Overlanding Hacks – Make Overlanding Easier

Overland Hacks

A list of curated overlanding hacks to make your off road, overlanding and camping life easier.

Overlanding Hack – Engine Block Cooking

After several hours on the off road trail its nice to have a warm meal rather than cold sandwiches. An easy way to accomplish this is engine block cooking – or using the heat from the car engine to cook or heat your food. This can be done safely by wrapping food in heavy duty aluminum foil multiple times and crimping the seams to avoid any fumes from getting to the food.

After several hours on the off road trail its nice to have a warm meal rather than cold sandwiches. An easy way to accomplish this is engine block cooking – or using the heat from the car engine to cook or heat your food. This can be done safely by wrapping food in heavy duty aluminum foil multiple times and crimping the seams to avoid any fumes from getting to the food. The starting temperature and density of your food will determine the ultimate cook time, but for consider that most engines are about 250 degrees just above the headers. I recently made engine block tacos using pre-cooked ground beef and cheese, rolled in flour tortillas, wrapped in heavy foil and placed on a Jeep engine block for 1.5 hours and they came out perfectly! It was a great lunch break while rock crawling at the local off road park.

Portable Air Compressor

Airing down your tires on off road trails gives you a smoother ride, increases tire traction by creating a larger contact patch, and helps protect tires by allowing them to deform over rocks and sharp obstacles. But airing up your tires can be difficult if you are far from a gas station. Plus, driving on paved roads with deflated tires is dangerous and can destroy tires quickly. That’s where the portable air compressor comes in! Add one to your equipment list and never worry about finding another gas station with an air compressor. Air down your tires before you hit the off road trail and when done, easily air back up using the portable air compressor you stored in the back of your rig. They can also be used to air up mattresses, kayaks, stand up paddle boards, balls, toys and other inflatable camping accessories. You can check out our review of the Smittybilt 2781 portable air compressor that we use.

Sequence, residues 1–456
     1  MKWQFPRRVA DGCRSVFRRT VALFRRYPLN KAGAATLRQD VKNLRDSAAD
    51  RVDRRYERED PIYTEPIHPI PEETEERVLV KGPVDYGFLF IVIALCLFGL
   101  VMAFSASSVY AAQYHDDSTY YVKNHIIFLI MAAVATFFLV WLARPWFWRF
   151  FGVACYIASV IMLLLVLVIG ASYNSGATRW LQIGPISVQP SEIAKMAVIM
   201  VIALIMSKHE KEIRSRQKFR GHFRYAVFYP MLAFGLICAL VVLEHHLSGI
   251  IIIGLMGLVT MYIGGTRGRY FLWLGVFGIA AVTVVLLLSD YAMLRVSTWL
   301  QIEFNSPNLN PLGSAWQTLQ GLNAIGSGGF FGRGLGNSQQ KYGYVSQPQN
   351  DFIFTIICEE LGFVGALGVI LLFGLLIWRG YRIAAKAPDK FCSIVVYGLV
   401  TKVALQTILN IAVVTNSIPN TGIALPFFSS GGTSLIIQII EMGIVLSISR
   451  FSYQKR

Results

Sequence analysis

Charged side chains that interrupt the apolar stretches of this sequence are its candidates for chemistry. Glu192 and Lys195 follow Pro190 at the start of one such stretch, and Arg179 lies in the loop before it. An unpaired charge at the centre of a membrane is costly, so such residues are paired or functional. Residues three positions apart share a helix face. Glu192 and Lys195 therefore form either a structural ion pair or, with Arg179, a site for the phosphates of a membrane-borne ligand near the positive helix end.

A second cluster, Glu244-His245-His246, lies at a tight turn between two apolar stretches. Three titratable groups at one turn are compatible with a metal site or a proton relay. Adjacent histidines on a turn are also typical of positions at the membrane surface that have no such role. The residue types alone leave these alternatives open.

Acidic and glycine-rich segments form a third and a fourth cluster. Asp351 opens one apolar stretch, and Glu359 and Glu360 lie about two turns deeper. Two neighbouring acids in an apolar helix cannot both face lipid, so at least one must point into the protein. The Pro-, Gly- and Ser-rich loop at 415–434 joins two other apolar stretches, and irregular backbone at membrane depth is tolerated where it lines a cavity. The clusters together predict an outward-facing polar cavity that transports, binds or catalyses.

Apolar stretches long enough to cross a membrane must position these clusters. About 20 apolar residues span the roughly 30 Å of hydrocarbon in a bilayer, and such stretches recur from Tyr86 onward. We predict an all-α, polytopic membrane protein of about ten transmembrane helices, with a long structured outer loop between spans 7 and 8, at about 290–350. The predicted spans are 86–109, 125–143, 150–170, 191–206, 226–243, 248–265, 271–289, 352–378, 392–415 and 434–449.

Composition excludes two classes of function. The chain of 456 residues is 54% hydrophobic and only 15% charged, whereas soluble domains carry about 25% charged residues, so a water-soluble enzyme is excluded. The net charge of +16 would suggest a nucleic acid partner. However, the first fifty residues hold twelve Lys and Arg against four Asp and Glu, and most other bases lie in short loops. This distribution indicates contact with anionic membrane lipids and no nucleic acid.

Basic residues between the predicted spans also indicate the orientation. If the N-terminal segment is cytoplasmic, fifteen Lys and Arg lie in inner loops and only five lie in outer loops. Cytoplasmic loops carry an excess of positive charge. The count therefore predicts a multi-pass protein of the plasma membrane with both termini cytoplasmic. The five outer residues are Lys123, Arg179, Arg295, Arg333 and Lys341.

Frozen Gallon Water Jugs Keep Coolers Cold

Food safety is critical for ensuring you and your passengers don’t get sick out on the trail, but keeping a standard cooler cold over several days can be challenging. One great way to keep your cooler cool with taking up a lot of space is to buy 1 gallon plastic jugs (like the kind milk comes in) and freeze them before your trip. Place them in the cooler to provide a couple of days worth of safe, cold temperatures. As the jugs melt they can be used for drinking water or cooking/cleanup. It’s an effective way to keep your food cold without wasting space and making sure you have enough water for your trip!

Store Recovery Gear on the Roof

You never know when or how you are going to get stuck, but it’s usually unexpected and not in a prime location for accessing your cargo hold. Often times your rear tire will bog down, dropping your rear bumper significantly, which can impede your ability to open a lift gate or swing out door. Often times, rear doors will be blocked by deep ruts or trees. All of this makes it difficult to easily and quickly access your recovery gear. Instead, store your recovery gear in a weather shielded box on the roof appropriately attached to a roof rack. This way you’ll have easy access to jerk straps, tree savers, static lines and other recovery gear when you need them most.

Check out this article on using simple bolts to attach recovery boards like Maxtrax to your roof. DIY Traction Board – Prinsu Designs Roof Rack

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